Never in my life had I tested any electric so thoroughly in a store before taking it home. But this time I did because I didn't want to have to come back to the store yet again for yet another return.
The Sonic Blue Jazzmaster was the winner here for 3 main reasons.
1. Much lighter in weight.
The red Jazzmaster was a bit of a boat anchor. Heavy. The Sonic Blue Jazz for whatever reason was much lighter. Almost Stratocaster-like in weight. I'm guessing the red Jazz was about 8.5lbs and the blue Jazz about 7.75lbs or close to it.
2. Better neck - after bridge and saddles were adjusted.
There were 2 bad frets on the red Jazz that caused fretting out. Not good. But the blue one had action that was a bit high. However, after lowering the bridge and saddles slightly, the blue one was better and did not have any frets with problems like the red one did.
3. Better nut cut
The 1 string on the red Jazz had a little bit of that sitar-like sound going on no matter where the height was set, indicating an improper nut slot height for that specific string. The blue Jazz did not have that issue.
In the end, the Sonic Blue Jazzmaster was the better guitar, so that's the one I took home.
Same as I remember, but better
Even though I've the same model as my first Jazzmaster, this one is better because I know the guitar a lot better now.
For example, Jazzmasters and Jaguars are buzzy; that's just the way they are. Even for expensive models like the Johnny Marr Jaguar or '65 Reissue Jazzmaster, they will buzz because it's part of the guitar's character. To expect a buzz-free Jazz or Jag is foolish. What I have now that I didn't before is experience with the Jazzmaster. This means I know when the guitar is buzzing too much.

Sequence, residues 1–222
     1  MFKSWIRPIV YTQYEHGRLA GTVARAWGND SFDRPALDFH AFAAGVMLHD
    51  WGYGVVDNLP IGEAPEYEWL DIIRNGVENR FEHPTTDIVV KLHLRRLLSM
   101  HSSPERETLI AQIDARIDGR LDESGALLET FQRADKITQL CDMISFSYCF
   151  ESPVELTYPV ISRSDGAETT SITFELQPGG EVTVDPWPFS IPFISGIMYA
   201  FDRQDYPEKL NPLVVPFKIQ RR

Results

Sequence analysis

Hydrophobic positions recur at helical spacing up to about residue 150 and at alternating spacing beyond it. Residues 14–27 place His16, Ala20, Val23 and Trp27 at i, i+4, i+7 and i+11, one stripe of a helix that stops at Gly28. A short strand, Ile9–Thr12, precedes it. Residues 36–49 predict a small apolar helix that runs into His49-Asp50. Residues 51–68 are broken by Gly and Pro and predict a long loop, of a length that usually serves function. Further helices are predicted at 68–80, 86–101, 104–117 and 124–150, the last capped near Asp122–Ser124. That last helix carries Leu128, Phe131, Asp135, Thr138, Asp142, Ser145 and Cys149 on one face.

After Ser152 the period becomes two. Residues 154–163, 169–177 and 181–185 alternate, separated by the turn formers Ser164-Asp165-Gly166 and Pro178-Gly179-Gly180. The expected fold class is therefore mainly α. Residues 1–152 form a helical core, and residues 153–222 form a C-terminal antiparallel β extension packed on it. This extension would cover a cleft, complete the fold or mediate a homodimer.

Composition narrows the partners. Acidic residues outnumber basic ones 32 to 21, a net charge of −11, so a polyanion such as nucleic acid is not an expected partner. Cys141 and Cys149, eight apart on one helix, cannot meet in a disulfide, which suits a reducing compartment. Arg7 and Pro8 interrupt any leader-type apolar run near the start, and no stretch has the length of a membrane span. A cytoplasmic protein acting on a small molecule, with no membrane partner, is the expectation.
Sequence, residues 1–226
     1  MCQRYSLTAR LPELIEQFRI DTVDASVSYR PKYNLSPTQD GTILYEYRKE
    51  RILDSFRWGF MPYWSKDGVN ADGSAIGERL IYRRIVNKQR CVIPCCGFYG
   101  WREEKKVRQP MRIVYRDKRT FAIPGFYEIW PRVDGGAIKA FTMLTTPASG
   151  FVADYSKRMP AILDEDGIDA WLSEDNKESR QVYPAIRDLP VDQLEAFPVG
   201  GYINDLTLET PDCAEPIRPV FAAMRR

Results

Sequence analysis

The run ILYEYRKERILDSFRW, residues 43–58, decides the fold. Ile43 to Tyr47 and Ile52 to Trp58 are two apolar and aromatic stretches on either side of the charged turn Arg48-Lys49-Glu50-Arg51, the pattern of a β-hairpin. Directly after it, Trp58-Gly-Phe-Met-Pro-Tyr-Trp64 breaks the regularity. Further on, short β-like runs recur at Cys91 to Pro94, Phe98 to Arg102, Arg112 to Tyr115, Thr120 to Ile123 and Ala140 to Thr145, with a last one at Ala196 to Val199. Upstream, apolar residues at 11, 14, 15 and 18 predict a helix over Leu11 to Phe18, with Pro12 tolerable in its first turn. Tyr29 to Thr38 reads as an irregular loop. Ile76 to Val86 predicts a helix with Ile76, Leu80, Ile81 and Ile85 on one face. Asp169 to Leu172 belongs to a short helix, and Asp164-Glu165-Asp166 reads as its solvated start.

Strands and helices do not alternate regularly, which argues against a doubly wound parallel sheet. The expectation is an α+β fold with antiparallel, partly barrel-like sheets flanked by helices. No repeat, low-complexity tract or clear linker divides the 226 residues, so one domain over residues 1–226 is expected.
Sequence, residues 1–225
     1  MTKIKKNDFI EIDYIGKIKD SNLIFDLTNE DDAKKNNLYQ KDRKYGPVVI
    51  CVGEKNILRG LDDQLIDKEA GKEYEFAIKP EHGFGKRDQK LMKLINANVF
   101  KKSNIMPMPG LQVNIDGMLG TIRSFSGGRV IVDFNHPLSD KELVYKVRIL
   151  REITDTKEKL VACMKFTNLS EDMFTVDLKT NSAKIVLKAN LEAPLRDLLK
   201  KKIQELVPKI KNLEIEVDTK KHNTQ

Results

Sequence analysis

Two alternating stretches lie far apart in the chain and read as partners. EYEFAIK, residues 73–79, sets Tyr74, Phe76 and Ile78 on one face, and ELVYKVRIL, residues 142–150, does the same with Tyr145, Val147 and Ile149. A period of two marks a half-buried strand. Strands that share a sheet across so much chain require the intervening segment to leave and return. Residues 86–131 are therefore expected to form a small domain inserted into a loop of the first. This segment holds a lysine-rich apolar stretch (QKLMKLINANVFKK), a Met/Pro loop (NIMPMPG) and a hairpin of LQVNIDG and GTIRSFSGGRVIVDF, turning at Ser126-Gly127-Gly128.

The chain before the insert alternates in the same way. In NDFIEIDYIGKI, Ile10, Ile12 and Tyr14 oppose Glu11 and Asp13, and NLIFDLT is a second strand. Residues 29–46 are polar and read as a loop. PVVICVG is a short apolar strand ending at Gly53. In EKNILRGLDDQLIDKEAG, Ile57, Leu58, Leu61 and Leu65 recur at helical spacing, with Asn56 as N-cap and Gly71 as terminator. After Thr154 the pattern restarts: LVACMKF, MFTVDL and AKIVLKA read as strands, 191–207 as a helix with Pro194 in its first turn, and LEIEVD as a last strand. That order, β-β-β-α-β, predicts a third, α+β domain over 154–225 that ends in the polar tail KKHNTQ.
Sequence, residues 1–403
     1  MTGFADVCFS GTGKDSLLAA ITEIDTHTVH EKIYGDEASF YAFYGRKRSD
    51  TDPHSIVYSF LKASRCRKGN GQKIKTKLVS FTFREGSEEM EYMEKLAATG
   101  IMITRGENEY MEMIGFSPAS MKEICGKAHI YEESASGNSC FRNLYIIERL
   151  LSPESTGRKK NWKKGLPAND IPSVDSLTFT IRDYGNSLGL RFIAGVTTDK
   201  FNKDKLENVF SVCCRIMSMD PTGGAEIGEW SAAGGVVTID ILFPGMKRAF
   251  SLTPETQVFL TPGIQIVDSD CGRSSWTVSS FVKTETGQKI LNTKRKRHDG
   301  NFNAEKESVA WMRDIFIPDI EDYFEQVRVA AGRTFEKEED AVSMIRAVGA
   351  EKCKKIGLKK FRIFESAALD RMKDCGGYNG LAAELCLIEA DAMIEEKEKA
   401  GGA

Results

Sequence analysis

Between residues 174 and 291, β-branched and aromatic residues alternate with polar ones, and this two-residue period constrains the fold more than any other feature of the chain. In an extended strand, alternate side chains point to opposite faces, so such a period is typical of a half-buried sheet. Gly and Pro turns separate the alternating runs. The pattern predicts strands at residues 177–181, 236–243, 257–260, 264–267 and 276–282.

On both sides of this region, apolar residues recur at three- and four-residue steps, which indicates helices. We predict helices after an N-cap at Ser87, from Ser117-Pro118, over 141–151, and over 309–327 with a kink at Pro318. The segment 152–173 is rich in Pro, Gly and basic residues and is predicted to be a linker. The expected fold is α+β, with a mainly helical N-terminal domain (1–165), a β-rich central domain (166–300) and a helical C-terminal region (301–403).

I know now is that the sound of big Jazzmaster single-coils is a force to be reckoned with, because when I went without it, that sucked.
I got my first taste of big singles with the Epiphone Les Paul Special I P90, and liked it. While the P90 is not the same as a Jazzmaster pickup (there are several significant differences between the two,) that guitar gave me enough confidence to try out a Jazzmaster later, enough to eventually purchase one.
When I traded out my Jazzmaster, I quickly realized that the sound from Stratocasters and Telecasters just isn't the same. All the midrange in my tone was gone. Strats and Teles have their place, to be sure, but skinny singles just don't compare to big singles.
I could have switched guitar brands and went with Epiphone as they have most guitar models with P90s that are affordable. If I wanted a Jazzmaster-like sound with a Jazzmaster-like vibrato system out of an Epiphone, the Wildkat is it. Totally. But as you'll see from the price tag, it's priced a few ticks higher than a Squier Vintage Modified Jazzmaster is.
I could have also jumped ship over to Gretsch if I wanted a solid-body with "jangly" tone. The G5435T with Bigsby, while not exactly cheap (it's the same price as a Fender Mexico Standard,) it does have the vibrato I like and the Filter'Tron pickups. Those aren't singles, but still sound great.
As you can probably tell by now, Squier Jazzmaster is the only guitar of its kind at its price point that is able to do what it does so well. If you go with any other option, you will spend more for less. And believe me, I've looked around and examined the options.
It's good to have a Jazzmaster again.
Best ZOOM R8 tutorial book
highly rated, get recording quick!
More articles to check out
- Where can a middle aged guy get plain sneakers these days?
- An HSS guitar I can actually recommend
- The 1,000 year disc, M-DISC
- The watch you buy when your smartwatch breaks
- This is the cheapest way to get guitar picks
- This is the Squier I'd buy had I not just bought one
- Plywood might be one of the best electric guitar tonewoods
- Why isn't The Whoopee Boys a cult classic?
- And then there were the right two
- Squier Sub-Sonic, the 24 fret baritone guitar from 20 years ago